Monday, June 27, 2011

Literary Personality


I recently finished a book and went into my *library* to pick out a new one. I usually take great pleasure in this activity. I get to walk downstairs whenever I'm done with a book and peruse in my very miniature Barnes and Noble. [If only I could just recreate the smell]. The great span of bookshelves in the study provides me with a wonderful sense of accomplishment. This day, however, I felt a little introspective. And a little troubled. What does my collection of books say about me? Am I proud of what my books convey [my classics and non-fiction sections are growing to a respectable size]? Or a little embarrassed [Breaking Dawn anyone?]? Or a little defeated when I acknowledge how many books in my collection I've never read [like a gigantic leather-bound, gold-leafed complete works of Shakespeare that I own mainly because it looks pretty on my shelf]?

I worry about this because I'd like to consider myself to have somewhat of a classy, academic taste in books. I don't normally read chick-lit or mysteries. I refuse to participate in any book club that reads Nicholas Sparks or anything with an Oprah seal on the cover. I admire people who read authors that have never appeared on the NY Times Bestseller list or whose books were never reviewed in People magazine. [Much like I admire people who totally get Indie Rock.] But perhaps I admire these people because I'm not really as academic in my reading as I hoped. My book-snobbery is a ruse!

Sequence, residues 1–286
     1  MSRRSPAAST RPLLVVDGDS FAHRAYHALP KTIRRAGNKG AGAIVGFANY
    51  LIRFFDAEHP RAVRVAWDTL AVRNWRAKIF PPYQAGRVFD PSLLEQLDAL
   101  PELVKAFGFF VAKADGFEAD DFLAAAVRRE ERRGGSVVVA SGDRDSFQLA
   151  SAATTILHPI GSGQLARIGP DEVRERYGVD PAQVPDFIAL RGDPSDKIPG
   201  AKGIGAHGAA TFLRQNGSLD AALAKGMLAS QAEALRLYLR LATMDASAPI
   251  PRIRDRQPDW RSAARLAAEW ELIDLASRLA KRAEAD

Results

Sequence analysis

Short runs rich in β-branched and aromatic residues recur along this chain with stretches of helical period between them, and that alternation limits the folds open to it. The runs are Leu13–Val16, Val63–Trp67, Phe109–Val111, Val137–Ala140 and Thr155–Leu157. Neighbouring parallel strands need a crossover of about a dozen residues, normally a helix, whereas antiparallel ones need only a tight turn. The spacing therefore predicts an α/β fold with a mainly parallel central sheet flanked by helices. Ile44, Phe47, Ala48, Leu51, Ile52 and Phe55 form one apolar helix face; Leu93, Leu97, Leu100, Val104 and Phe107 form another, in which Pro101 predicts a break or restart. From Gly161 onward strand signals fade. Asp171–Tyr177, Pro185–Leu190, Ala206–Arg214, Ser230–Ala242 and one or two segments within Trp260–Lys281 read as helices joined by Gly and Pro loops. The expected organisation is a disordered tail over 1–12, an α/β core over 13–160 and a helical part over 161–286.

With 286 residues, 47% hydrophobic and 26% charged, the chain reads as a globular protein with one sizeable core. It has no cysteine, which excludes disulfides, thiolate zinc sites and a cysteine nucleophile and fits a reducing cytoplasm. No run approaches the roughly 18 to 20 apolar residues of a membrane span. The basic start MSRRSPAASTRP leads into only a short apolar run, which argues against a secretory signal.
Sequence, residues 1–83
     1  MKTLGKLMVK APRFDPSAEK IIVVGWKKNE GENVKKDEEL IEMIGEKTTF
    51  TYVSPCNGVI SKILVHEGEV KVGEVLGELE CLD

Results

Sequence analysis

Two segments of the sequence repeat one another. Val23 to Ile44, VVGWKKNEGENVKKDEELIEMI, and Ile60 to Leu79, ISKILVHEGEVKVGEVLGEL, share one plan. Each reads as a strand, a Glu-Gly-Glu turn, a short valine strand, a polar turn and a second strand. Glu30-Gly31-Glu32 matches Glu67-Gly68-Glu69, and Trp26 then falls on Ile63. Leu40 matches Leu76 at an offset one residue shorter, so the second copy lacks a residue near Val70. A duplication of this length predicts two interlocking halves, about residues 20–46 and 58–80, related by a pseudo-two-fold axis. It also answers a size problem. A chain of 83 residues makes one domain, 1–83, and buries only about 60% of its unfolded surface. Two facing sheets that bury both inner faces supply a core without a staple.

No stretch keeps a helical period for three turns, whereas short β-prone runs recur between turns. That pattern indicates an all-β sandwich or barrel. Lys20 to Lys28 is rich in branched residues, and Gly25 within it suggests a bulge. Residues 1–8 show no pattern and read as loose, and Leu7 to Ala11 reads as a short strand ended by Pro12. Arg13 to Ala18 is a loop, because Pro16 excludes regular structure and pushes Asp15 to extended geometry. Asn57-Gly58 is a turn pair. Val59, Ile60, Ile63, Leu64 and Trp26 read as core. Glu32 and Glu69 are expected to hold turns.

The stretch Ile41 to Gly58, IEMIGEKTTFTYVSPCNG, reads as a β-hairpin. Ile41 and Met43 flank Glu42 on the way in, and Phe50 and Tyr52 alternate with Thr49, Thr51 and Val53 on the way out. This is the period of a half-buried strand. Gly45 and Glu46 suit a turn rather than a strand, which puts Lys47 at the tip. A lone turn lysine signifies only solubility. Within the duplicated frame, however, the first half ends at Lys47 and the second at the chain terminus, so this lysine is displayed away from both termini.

When having conversations with adults that are much more adult-like than me, I secretly fear that currently-reading-books will come up and at that point in time, I'll be reading some embarrassing chick-lit or mass market thriller, and I'll have to lie and say I'm reading Atlas Shrugged for the third time. This wouldn't entirely be a lie because I am on my third attempt to read Atlas Shrugged, I haven't removed my bookmark, it still moves along with the rapidity of swimming through a pool of freshly poured concrete. It was in my most recent stint with AS that I began to question my literary personality. I would spend an hour reading AS and find that I'd progressed about 2 pages and was not entirely sure why I was still reading. I thought I was smarter than this, I would tell myself. Am I really enjoying this book or am I reading it because I think it adds to my literary repertoire? Why am I having much more success, and let's just say it, FUN reading Bridget Jones' Diary? [Sidenote: the above picture best represents how I felt while reading AS]